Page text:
An actor who needs no introduction.The obstinate Pirin from The Copper Tower, Samo Pichanda from Millennial Bee, the industrious Urban Habdža of Red Wine, the conflicted prisoner Komínek…Štefan Kvietik rightfully belongs among Slovakia’s acting legends.“Every character enriched me, not just professionally, but as a person,” he says.
25 years ago, you decided to hang up your acting hat and leave the Slovak National Theatre. Despite that, you continue to be seen on television in numerous iconic films.If one happens to be on, do you still watch it?
Of course I do.Not out of vanity, but to relive the experience of all the people I met and worked with on a particular project.That is and will always be the greatest treasure in my repository of acting memories.
You first major role was the prisoner Komínek in Peter Solan’s drama The Boxer and Death.How do you rate that experience in hindsight?What was it like to work with director Peter Solan?
It isn’t the first time that I think back on Peter Solan with esteem and gratitude.For me at the time, his invitation to play Komínek was an extraordinary acting opportunity.And what’s more, portraying this dramatic character placed me in several interesting circumstances.Those who have seen the film know that a significant portion of his story plays out in the ring.That demanded, above all, a certain physical preparedness.And so, under the guidance of my coach, Velický, I trained for several hours daily.That was just one of the circumstances, albeit a significant one.No less important to me was the fact that some of my acting colleagues were from abroad. And the circumstances under which I had to gain weight during the shoot, my dietary regimen? That I won’t reveal.But I can tell you that no chemicals were involved.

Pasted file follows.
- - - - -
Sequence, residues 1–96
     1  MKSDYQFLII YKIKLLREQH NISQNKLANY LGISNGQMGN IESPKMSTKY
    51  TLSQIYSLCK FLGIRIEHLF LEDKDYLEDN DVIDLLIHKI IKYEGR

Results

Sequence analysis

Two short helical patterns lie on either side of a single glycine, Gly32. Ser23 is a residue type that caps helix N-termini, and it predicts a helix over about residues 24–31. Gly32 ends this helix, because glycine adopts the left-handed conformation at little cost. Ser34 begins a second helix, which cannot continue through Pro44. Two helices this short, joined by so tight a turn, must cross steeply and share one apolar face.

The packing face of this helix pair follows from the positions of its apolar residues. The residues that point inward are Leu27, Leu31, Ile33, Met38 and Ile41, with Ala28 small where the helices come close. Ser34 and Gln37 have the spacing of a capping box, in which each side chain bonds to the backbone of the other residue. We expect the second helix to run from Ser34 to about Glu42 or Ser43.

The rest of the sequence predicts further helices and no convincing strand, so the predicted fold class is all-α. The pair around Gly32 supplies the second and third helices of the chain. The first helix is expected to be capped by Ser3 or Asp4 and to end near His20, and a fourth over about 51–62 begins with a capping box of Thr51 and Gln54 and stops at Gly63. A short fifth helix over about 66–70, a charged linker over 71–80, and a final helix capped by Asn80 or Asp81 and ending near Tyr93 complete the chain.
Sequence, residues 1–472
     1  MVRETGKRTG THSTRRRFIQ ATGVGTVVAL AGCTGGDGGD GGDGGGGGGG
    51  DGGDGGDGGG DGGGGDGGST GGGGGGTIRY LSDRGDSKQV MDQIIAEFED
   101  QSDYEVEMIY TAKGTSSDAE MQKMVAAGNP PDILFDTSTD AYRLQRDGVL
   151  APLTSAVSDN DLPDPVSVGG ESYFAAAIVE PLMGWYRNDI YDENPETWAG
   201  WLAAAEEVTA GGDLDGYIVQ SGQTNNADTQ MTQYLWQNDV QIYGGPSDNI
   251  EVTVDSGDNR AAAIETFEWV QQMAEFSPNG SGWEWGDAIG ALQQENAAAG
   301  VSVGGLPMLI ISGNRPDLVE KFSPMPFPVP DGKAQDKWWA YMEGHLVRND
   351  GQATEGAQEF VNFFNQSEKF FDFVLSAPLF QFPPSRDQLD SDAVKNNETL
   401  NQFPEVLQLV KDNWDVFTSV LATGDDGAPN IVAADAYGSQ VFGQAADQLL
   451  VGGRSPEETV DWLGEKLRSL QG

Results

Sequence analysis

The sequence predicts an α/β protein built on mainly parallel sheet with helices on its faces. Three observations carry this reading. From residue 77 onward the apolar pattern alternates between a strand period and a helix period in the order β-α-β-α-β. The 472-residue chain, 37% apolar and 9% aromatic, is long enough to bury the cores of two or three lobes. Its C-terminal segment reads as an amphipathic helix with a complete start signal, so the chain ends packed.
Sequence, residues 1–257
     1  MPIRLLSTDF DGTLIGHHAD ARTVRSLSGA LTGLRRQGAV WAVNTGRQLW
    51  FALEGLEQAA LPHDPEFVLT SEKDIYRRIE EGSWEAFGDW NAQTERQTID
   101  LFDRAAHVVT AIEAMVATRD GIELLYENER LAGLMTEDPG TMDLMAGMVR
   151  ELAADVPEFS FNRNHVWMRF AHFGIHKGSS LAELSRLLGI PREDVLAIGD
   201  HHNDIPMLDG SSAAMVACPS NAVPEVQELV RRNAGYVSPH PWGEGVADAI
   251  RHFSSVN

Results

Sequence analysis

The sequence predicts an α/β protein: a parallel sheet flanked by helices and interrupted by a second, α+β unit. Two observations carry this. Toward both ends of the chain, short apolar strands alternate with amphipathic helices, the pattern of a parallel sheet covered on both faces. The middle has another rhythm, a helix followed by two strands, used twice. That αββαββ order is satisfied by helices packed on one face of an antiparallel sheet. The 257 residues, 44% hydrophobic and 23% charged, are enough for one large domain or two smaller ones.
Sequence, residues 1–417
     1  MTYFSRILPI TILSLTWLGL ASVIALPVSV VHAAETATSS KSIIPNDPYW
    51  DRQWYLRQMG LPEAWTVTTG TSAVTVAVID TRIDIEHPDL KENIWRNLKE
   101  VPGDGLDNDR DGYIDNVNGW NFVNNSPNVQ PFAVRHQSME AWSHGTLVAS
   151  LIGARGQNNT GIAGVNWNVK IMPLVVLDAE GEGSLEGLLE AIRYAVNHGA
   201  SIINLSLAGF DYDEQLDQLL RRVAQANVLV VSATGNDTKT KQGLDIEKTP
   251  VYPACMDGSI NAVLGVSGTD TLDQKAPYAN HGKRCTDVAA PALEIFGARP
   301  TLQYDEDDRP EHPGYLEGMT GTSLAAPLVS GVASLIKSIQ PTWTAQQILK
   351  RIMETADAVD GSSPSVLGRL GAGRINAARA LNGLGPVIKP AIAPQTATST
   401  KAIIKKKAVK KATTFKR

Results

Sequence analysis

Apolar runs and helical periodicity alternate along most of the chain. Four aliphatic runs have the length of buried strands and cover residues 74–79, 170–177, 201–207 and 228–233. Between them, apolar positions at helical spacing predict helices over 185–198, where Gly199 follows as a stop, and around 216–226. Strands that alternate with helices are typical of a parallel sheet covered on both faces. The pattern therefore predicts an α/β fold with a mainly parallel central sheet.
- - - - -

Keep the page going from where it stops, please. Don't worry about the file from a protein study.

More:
Characters like Pirin from The Copper Tower, Samo Pichanda from Millennial Bee and Urban Habdža of Red Wineare as legendary as the films themselves.Which of your films holds a special place in your memories, and why?
Selecting from among them in any way is very difficult for me, since each has its own unique qualities, whether it be the original idea, the story, the setting, the director or the cast.I can only say that it was thanks to this rich variety of films that I was offered such a diversity of film roles.
You describe collaborations with great performers as one of the “steps of happiness” in your lovely, fortunate life.What was the greatest part about acting for you?
The chance to live so many lives.After all, each role is a different character, destiny, life story.This has enriched me, not just professionally, but as a person.
This year you’re set to become a laureate of Milan Lasica’s AFF Festival President’s Award.How do you feel about the award?
If you receive and accept an act of kindness from someone, let’s say a friendly smile, an affectionate caress, a warm hug, a trusting handshake or a verbal expression of praise and gratitude, you should appreciate the gesture and be thankful for it.Provided that it’s sincere, of course.
The festival regularly awards and spotlights illustrious actors.What in your opinion distinguishes an average actor from a true luminary?
The depth of their talent and their ability to empathize with every situation and circumstance that their roles may present them with during the creative process.
The film The Boxer and Death from the Art Film Fest IFF Festival President’s Award section is playing on:
22 June | 4:15 pm
Kulturpark 2 JOJ Cinema